Mysterious bright spots on dwarf planet puzzling NASA scientists

Years into its mission to survey the asteroid belt, NASA’s Dawn spacecraft traveled through deep space to better understand the dwarf planet Ceres. Now within 52,000 miles of the celestial body, Dawn’s latest images still leave scientists baffled about Ceres’ bright white spots.

“As we slowly approach the stage, our eyes transfixed on Ceres and her planetary dance, we find she has beguiled us, but left us none the wiser,” Chris Russel, lead investigator of the Dawn mission, said in a statement released Monday. “We expected to be surprised; we did not expect to be this puzzled.”

Dawn’s latest high-resolution images were taken on Feb. 12, 2015. They are sharper than any of the fuzzy ones the Hubble Space Telescope captured in 2004, but they don’t lead scientists to any robust hypothesis for the composition of the dwarf planet, which is the largest object in the asteroid belt between Mars and Jupiter.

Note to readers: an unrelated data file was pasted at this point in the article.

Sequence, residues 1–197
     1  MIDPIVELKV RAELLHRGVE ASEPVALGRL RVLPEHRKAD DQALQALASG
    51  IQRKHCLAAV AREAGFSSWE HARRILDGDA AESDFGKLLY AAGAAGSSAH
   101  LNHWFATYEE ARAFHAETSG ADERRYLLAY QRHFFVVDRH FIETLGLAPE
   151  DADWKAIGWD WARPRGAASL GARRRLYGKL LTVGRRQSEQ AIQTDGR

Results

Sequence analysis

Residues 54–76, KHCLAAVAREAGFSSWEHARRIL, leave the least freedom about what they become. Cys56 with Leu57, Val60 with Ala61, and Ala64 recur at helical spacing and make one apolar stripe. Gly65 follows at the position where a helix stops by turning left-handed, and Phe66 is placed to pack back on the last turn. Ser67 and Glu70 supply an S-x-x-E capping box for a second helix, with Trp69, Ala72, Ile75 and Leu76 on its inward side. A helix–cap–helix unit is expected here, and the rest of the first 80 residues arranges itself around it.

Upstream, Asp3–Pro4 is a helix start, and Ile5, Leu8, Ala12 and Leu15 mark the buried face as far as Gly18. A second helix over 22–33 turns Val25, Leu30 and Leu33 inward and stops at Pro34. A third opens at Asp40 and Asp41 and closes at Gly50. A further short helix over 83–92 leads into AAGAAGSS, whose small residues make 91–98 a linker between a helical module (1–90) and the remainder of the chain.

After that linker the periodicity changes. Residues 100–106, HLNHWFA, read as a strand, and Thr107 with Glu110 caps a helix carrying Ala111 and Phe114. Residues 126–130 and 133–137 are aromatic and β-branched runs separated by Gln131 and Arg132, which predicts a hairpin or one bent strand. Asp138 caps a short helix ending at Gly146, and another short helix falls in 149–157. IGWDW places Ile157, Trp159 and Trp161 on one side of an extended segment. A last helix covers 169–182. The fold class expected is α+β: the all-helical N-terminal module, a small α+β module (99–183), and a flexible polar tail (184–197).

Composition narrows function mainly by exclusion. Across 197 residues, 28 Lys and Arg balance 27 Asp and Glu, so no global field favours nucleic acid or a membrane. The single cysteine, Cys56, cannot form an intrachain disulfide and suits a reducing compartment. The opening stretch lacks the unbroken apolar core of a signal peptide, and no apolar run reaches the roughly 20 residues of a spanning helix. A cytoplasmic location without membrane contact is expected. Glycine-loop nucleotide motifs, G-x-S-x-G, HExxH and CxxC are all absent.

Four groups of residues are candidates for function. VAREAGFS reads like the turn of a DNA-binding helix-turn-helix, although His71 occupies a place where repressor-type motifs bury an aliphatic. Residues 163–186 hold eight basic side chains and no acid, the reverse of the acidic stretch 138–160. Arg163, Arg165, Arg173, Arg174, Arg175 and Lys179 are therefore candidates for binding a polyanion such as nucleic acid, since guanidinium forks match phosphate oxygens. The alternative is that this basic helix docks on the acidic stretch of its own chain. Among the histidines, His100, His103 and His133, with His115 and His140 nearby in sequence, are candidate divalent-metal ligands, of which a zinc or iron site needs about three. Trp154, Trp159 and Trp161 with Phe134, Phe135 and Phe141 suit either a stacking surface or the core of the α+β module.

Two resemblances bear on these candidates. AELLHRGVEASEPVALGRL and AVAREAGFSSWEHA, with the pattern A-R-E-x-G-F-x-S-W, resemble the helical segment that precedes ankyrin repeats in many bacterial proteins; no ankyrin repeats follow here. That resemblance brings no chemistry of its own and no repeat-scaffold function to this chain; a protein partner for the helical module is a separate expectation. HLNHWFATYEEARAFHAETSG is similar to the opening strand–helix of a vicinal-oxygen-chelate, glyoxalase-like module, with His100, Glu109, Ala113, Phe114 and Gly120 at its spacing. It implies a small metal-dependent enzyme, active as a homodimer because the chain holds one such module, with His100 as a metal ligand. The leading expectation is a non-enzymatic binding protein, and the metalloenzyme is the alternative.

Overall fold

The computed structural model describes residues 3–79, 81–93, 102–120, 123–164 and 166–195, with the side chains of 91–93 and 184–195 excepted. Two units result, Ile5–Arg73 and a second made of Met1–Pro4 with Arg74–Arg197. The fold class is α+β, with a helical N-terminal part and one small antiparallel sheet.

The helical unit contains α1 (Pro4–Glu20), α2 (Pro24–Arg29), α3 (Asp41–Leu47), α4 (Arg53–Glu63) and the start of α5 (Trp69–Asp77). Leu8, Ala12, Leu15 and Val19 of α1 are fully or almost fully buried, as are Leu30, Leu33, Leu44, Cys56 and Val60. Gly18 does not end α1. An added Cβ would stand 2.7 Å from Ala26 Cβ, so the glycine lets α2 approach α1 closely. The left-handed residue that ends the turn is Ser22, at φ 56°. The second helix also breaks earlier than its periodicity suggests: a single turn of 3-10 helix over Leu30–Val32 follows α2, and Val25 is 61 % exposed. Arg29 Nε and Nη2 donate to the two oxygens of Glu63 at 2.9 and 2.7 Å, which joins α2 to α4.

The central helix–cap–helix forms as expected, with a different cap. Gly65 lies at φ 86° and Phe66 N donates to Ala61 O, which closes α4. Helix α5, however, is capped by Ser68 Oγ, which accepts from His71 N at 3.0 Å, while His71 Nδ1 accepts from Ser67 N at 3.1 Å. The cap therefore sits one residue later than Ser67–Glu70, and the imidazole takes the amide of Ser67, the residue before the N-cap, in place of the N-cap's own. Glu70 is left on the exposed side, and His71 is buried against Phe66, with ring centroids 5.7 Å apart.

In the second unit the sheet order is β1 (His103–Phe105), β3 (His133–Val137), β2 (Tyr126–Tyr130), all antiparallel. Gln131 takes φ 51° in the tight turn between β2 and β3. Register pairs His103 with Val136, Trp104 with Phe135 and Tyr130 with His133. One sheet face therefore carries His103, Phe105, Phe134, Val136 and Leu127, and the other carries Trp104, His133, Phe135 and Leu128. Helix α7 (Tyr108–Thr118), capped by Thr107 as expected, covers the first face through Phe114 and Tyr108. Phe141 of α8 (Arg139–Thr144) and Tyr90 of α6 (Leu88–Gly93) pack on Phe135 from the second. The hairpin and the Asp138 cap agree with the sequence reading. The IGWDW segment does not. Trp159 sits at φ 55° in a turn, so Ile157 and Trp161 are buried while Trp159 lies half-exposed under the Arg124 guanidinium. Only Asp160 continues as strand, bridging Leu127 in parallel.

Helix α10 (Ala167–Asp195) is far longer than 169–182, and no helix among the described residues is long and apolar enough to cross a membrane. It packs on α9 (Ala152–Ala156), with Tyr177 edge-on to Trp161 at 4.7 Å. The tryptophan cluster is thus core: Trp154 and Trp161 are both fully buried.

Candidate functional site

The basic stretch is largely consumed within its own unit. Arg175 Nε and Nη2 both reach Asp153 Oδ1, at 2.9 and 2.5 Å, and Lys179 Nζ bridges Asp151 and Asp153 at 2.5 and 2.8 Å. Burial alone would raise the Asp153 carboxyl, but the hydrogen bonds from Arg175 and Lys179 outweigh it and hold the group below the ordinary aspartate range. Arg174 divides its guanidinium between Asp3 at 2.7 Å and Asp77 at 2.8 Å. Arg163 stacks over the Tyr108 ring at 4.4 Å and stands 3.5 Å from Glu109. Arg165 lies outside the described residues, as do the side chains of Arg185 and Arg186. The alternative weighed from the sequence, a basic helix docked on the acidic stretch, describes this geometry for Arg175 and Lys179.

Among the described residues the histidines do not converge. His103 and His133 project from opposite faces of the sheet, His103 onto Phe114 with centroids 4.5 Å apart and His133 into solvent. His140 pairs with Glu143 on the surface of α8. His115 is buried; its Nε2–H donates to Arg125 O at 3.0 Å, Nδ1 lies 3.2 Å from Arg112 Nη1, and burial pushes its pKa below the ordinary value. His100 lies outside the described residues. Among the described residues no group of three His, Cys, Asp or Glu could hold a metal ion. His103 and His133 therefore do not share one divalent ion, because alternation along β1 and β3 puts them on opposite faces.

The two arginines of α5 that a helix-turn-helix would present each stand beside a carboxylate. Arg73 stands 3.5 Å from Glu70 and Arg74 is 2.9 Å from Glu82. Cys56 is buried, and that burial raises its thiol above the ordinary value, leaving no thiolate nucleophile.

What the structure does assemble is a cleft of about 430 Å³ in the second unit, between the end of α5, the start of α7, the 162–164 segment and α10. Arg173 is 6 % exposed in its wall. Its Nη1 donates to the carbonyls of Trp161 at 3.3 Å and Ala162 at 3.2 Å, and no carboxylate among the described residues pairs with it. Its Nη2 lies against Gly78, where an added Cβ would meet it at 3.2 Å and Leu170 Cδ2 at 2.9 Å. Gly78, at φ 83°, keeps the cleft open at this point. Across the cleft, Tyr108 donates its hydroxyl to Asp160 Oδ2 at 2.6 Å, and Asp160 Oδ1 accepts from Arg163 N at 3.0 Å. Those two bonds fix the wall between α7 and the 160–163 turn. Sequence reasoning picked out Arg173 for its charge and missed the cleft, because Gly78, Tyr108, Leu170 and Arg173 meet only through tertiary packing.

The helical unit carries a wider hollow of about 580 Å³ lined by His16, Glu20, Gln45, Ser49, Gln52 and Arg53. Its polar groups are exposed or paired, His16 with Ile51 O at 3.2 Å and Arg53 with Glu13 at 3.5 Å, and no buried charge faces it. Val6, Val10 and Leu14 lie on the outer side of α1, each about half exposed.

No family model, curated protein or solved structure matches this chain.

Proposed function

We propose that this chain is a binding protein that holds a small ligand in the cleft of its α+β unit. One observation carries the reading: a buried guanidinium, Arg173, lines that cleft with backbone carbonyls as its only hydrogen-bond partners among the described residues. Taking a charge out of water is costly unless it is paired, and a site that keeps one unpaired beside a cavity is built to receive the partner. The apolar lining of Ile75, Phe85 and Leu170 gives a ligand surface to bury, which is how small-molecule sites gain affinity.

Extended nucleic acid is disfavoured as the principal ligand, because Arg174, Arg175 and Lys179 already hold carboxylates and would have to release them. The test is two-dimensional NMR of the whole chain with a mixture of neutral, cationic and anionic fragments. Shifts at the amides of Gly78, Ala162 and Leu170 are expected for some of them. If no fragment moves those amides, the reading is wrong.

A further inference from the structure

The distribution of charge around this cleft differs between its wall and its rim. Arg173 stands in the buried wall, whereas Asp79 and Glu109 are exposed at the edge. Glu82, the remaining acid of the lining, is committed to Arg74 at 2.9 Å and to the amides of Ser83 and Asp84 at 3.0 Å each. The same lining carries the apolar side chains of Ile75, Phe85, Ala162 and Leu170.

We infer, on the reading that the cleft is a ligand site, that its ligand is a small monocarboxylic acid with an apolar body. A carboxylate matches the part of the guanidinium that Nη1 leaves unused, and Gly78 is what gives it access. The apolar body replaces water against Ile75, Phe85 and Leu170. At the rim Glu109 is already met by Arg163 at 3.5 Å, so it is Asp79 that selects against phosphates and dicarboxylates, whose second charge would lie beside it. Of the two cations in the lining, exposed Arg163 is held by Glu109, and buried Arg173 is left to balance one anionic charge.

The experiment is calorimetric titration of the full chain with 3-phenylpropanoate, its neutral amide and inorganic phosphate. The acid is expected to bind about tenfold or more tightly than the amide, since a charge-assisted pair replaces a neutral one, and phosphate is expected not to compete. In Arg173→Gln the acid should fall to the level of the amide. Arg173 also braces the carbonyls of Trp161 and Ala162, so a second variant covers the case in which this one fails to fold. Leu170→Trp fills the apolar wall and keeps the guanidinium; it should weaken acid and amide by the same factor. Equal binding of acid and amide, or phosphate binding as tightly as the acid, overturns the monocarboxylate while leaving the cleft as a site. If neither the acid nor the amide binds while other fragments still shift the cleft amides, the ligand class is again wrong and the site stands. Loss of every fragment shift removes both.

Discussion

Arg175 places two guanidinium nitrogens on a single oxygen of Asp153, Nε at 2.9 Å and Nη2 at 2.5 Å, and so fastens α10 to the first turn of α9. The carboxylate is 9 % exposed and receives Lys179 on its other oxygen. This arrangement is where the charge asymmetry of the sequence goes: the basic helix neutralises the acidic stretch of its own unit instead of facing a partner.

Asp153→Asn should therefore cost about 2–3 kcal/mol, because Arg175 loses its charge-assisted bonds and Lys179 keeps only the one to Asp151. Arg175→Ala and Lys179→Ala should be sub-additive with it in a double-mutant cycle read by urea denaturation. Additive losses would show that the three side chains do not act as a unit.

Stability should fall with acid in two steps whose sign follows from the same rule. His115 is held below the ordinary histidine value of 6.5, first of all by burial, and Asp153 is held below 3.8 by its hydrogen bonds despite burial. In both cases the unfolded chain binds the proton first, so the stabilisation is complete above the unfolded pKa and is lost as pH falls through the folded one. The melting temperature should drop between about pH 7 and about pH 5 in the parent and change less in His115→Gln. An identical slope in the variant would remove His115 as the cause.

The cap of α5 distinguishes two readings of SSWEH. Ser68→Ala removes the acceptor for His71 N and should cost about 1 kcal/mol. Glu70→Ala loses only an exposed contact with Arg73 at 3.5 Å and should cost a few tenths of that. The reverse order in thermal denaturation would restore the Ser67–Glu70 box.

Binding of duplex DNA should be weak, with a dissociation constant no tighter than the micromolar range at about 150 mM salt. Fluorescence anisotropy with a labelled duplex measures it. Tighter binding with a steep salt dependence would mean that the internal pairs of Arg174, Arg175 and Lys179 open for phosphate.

Russell told the NewsHour on Tuesday that the bright spots on Ceres have remained a mystery as Dawn floats closer and closer.

“[The spots] aren’t breaking up into any structure, they’re not giving us any clues to what it is,” he said. “The craters and structures on the surface aren’t coming into focus either … [Ceres] is sort of just staying hidden from our eyes, more than I had expected it to be.”

The 590-mile wide spherical body is as large as Texas and is the largest object in the asteroid belt between Mars and Jupiter. Dawn previously studied the protoplanet Vesta, the second-largest object in the belt, in 2011.

Russell said scientists are turning their attention to bodies like Vesta and Ceres because they have the same basic processes, such as earthquakes and mountain building, seen on much more complex bodies like Earth.

“We’re taking a look at baby planets, simple planets, that will help us understand the formation of larger planets better because of the basic physics we’re seeing,” Russell said.

Dawn is scheduled to enter Ceres’ orbit on March 6, hopefully allowing the spacecraft to get an even better view of the dwarf planet’s surface.